A+ = 100% / A = 95% / A- = 90%
B+ = 88% / B = 85% / B- = 80%
C+ = 78% / C = 75% / C- = 70%
D = 65% / F = below 60%

Attendance is mandatory (excepting medical emergencies or observation of religious holidays), and more than two unexcused classes will dramatically reduce your class participation grade, effectively lowering your final grade by one step. From the 2008-2009 University Catalog:

Students are expected to attend the class periods of the courses for which they register. In-class participation is important not only to the individual student, but to the class as a whole. Because class participation may be a factor in grading, instructors may use absence, tardiness, or early departure as de facto evidence of nonparticipation.

Students are responsible for verifying their enrollment in this class. The last day to add this course is February 2, 2010. The last day to drop this course is February 19, 2010. After the last day to drop a class, withdrawal from ENGL 610 requires the approval of the dean and is only allowed for nonacademic reasons.


Remember that all written assignments must follow MLA research guidelines. Never take credit for someone else’s ideas or words and always document your sources. George Mason University has an Honor Code, which requires all members of this community to maintain the highest standards of academic honesty and integrity. Cheating, plagiarism, lying, and stealing are all prohibited. All violations of the Honor Code will be reported to the Honor Committee. See for more detailed information.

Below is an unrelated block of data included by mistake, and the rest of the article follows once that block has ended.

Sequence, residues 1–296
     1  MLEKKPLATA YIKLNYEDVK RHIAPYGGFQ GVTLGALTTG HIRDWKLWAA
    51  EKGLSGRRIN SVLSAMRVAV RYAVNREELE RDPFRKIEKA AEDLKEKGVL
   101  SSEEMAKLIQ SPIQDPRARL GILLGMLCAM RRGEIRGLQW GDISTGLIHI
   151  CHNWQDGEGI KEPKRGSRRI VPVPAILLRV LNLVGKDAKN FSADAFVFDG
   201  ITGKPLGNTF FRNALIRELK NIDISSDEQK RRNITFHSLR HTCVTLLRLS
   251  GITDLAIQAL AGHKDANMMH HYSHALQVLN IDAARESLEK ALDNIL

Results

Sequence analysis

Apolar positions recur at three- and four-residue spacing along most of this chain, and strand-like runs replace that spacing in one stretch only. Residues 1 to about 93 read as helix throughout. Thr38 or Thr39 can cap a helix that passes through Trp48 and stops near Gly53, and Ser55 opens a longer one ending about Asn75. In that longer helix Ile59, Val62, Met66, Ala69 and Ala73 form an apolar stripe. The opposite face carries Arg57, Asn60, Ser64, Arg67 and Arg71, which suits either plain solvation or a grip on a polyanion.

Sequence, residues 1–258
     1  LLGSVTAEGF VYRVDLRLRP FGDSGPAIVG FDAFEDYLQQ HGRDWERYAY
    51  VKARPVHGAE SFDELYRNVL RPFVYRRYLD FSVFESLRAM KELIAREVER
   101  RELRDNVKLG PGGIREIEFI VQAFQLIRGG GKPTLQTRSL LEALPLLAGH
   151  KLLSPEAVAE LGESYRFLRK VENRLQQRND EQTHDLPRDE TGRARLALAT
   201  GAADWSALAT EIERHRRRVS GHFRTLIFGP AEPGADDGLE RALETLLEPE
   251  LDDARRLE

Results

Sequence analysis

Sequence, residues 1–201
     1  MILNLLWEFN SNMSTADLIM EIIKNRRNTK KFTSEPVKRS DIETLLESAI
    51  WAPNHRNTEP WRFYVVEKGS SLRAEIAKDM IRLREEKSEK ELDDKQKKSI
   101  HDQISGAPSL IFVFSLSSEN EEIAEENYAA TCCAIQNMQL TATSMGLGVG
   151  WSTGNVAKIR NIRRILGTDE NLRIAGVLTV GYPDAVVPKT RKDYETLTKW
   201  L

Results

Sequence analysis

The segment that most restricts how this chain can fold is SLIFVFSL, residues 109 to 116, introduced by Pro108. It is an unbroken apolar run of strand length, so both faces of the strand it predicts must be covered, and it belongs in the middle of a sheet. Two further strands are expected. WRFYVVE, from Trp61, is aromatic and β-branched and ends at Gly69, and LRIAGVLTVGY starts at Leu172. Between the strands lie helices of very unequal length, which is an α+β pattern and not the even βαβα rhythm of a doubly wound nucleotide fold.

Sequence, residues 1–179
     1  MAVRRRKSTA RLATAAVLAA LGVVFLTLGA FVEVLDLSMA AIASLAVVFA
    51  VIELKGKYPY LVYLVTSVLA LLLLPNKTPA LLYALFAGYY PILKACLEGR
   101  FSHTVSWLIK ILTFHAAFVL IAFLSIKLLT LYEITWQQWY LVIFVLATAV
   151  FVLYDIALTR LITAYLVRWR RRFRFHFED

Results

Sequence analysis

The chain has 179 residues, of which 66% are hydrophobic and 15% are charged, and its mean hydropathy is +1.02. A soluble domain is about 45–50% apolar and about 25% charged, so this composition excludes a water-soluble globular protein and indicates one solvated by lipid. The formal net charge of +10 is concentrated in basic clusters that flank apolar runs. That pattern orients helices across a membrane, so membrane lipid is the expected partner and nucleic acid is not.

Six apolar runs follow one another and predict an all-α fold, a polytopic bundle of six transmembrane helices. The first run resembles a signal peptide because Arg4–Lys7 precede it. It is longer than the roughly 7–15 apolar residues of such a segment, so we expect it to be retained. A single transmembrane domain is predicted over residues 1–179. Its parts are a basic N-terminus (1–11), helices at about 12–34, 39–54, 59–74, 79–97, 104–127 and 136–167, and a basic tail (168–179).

If you do not own a style guide that covers MLA format, I recommend getting one. I also encourage you to begin using Zotero, a freely available open source reference manager for Windows and Mac, which runs as a Firefox extension. See for more information.


Laptops may be used in class but only for classroom activities such as note-taking or Twittering. Text messaging unrelated to class is not acceptable. Late arrivals and early departures from class are disruptive and should be avoided as well.


If you are a student with a disability and you need academic accommodations, please see me and contact the Disability Resource Center (DRC) at 993-2474. All academic accommodations must be arranged through the DRC.